Thursday, January 8, 2009

Man Stabbed To Death In The Richmond District

SF: UPDATE: MAN FATALLY STABBED IN RICHMOND DISTRICT PARKING GARAGE

SAN FRANCISCO (BCN)

Homicide investigators are trying to determine today what led a 45-year-old San Francisco man to stab another man to death inside a Richmond District parking garage Wednesday afternoon, a police spokeswoman said.

Ryosuke Yoshioka, 59, of San Francisco, was attacked in the parking garage located above the OfficeMax at 3700 Geary Boulevard at about 2:45 p.m., according to authorities.

He was pronounced dead at the scene, the medical examiner's office said.

According to police spokeswoman Sgt. Lyn Tomioka, investigators still are not sure what precipitated the attack, which was witnessed by at least three people.

The bystanders were able to detain the suspect in the stabbing at the scene until officers arrived and arrested him, Tomioka said.

The suspect, Peter Fong, remained in custody today after being booked for murder, according to Tomioka.

Fong bears "no relation" to current Police Chief Heather Fong, Tomioka emphasized.

A manager at the Office Max said today he had been informed of the stabbing by police, but had no knowledge of the incident at the time.

Any additional witnesses to the attack are asked to contact the Police Department's homicide detail at (415) 553-1145 or the confidential tip line at (415) 575-4444.

The stabbing is the first homicide reported by San Francisco police this year.

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3 comments:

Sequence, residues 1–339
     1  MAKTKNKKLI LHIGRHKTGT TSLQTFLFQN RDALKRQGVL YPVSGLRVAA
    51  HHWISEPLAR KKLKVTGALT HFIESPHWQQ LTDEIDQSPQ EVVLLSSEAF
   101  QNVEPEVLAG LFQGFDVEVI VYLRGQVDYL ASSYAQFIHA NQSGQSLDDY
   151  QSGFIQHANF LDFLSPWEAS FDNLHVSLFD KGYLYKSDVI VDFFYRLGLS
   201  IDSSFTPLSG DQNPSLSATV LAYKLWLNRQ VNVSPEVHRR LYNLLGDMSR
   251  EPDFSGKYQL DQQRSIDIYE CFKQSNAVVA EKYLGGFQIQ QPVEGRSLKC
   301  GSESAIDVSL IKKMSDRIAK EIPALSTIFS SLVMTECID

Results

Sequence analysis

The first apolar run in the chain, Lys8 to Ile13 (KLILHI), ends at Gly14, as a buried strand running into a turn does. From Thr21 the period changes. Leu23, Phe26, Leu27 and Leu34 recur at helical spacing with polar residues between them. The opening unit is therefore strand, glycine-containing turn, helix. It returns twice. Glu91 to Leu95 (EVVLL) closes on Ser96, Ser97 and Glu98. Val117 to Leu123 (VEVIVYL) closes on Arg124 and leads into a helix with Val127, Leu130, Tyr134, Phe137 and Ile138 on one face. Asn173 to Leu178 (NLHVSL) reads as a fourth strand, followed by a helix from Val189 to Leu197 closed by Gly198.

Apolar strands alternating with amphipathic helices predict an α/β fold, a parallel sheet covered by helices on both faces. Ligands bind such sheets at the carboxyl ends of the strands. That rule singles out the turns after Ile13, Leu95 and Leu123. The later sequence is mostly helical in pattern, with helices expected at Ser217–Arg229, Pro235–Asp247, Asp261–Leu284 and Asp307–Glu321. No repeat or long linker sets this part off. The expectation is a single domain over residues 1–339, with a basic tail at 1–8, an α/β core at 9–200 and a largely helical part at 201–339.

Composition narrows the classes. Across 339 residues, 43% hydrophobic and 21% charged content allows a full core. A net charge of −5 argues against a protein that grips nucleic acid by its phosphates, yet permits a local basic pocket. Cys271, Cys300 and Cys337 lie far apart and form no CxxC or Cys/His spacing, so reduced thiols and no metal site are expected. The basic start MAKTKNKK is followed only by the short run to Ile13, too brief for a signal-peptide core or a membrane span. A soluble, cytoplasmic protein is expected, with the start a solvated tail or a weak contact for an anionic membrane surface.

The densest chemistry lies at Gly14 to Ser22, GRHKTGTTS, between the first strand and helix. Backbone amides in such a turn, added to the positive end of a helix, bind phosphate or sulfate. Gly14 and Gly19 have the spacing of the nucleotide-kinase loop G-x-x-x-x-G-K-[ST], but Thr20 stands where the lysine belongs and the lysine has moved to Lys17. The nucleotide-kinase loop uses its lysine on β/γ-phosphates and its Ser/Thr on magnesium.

Anonymous said...

I agree with the purpose of this blog, but stealing content is bad. Why do you do it? Publications pay a lot of money to use BCN's feed and/or hire reporters to write stories. An ethical blogger would provide a small excerpt a story and link to the rest. You're behaving like a thief. How do you justify this?

AC said...

As a reader, here's my unsolicited opinion on the matter...

I have NO idea what BCN is, nor do I know specifically of any publications that subscribe to this feed. Frankly, I'm not really concerned with the ethical aspects of how news is propagated.

While I believe that the dissemination of information should be free, I don't begrudge anybody the idea of making money by selling news stories/information. If such a practice proves viable, that's fine by me. However, if it fails, I'm not going to lose any sleep over it.

Anonymous said...

He has a link at the bottom of the article dumbass. Get the hell over it. People don't exactly have all the time and money in the world to go through all the papers to find out what really happens in San Francisco. Complaining about this is like complaining about rotten bread you brought in the bakery when your grandmother just died of a heart attack.